Brief description: Family-initiated rapid response (FIRR) empowers families to express concern and seek care from specialized response teams. We studied FIRRs that occurred in a pediatric tertiary hospital over a 3-year period. The main aims were to describe the characteristics and outcomes of FIRRs and compare them with clinician-activated RRs (C-RRs). Of the 1,906 RRs events reviewed, 49 (2.6%) were FIRRs. All FIRRs had appropriate clinical triggers with the most common being uncontrolled pain. Chronic conditions and previous admissions were present in 61%. More than half of FIRRs had a vital sign change that should have qualified C-RR activation. Seventy-six percent FIRRs needed at least one or more interventions. Twenty-seven percent of FIRRs needed transfer to intensive care unit compared with 60% transfer rate for C-RRs.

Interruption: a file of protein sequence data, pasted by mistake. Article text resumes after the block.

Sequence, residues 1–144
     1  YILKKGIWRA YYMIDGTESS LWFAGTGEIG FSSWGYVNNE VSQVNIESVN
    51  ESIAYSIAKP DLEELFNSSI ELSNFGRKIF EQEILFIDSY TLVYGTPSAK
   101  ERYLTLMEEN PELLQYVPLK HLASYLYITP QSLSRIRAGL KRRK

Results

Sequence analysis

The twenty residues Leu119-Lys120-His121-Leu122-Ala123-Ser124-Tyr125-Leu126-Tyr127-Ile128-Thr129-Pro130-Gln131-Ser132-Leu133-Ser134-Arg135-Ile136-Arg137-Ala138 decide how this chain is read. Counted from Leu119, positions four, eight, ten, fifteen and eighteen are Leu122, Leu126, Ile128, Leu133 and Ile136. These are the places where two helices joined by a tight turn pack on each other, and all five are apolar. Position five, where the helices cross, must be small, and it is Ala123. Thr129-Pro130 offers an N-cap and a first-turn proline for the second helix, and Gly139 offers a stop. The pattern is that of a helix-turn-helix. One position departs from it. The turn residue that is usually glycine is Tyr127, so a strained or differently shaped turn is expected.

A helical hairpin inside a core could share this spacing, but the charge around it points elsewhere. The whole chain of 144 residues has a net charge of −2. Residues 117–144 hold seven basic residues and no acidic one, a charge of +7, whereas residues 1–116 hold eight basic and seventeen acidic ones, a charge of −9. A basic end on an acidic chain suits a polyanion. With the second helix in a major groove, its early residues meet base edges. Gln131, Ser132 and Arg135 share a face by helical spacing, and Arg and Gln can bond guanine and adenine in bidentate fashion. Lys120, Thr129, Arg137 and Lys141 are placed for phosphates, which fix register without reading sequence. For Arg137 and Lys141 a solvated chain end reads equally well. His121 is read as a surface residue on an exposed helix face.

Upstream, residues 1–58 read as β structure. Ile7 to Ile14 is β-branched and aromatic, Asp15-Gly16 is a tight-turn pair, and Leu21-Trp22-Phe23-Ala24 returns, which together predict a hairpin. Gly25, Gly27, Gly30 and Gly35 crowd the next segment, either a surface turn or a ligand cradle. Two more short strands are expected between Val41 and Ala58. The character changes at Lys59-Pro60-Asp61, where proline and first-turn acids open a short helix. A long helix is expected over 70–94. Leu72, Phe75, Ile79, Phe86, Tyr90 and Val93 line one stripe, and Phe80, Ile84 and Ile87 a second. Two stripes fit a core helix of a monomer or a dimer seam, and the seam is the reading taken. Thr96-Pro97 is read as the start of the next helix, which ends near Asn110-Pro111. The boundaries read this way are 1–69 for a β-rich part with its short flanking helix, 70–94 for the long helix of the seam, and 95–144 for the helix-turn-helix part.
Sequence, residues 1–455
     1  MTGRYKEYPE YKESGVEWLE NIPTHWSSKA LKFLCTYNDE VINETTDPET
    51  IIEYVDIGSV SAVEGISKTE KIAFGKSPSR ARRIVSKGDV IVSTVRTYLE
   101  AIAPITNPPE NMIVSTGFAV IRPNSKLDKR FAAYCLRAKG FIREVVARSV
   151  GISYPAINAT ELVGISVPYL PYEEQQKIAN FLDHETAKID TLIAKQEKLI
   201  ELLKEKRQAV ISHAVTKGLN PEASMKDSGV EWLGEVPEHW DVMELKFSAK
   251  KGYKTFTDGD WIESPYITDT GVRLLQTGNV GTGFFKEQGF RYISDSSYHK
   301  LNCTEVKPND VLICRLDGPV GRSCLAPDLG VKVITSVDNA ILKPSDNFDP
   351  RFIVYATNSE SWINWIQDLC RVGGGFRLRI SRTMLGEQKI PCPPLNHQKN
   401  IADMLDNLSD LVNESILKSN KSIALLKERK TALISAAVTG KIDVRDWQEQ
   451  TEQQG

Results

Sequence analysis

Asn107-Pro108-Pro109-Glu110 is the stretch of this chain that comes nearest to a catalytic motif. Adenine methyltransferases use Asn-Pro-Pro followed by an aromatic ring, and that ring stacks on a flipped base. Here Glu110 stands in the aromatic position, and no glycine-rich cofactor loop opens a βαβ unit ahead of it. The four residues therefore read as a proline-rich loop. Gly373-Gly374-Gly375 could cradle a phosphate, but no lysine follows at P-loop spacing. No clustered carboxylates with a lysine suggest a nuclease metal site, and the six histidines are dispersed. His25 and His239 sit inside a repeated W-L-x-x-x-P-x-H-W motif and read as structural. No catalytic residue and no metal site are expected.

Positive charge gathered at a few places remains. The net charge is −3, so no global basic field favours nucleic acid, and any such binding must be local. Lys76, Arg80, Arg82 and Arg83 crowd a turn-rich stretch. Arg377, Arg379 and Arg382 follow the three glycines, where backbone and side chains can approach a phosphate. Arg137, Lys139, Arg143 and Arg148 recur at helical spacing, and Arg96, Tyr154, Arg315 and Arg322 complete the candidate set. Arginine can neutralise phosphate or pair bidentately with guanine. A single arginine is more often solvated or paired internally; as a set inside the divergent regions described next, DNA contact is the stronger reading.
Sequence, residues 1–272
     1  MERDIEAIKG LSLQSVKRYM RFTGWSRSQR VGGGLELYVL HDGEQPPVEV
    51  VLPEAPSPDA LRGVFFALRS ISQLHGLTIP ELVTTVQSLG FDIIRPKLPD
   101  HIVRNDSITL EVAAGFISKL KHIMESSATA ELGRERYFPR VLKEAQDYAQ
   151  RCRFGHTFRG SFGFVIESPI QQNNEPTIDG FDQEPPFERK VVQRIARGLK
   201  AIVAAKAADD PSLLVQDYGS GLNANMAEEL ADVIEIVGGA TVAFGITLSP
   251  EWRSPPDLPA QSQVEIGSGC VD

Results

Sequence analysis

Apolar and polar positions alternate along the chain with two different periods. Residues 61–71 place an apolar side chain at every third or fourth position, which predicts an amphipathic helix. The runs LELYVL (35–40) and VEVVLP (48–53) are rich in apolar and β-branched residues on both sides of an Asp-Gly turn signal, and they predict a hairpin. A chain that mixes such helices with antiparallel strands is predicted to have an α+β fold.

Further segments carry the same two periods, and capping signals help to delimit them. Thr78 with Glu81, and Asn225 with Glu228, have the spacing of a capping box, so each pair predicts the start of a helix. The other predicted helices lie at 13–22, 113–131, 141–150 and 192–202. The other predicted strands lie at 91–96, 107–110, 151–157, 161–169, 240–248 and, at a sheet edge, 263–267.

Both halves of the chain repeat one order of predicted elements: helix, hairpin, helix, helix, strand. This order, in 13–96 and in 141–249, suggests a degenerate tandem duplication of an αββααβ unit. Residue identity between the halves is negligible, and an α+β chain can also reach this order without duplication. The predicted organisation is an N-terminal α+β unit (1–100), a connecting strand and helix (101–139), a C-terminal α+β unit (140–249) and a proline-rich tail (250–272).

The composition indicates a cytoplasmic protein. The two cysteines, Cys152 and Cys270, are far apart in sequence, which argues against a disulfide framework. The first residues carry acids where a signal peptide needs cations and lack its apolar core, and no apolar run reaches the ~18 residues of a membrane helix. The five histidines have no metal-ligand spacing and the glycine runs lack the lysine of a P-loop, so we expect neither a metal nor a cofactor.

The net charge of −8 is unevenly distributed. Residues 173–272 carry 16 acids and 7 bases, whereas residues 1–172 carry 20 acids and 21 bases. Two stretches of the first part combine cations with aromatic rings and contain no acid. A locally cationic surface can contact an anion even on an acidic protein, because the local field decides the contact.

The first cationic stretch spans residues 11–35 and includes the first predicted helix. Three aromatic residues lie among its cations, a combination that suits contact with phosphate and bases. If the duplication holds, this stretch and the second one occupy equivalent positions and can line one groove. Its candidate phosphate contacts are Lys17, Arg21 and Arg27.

Purpose of submission/relevance to healthcare quality: Family-initiated rapid response events were activated for legitimate concerns and frequently needed clinical interventions. Enhanced information and awareness of FIRR can improve utilization of the system and enhance family satisfaction, patient safety, and outcomes. Disseminating the information on FIRR and the importance of family involvement will improve the care of children and empower family members.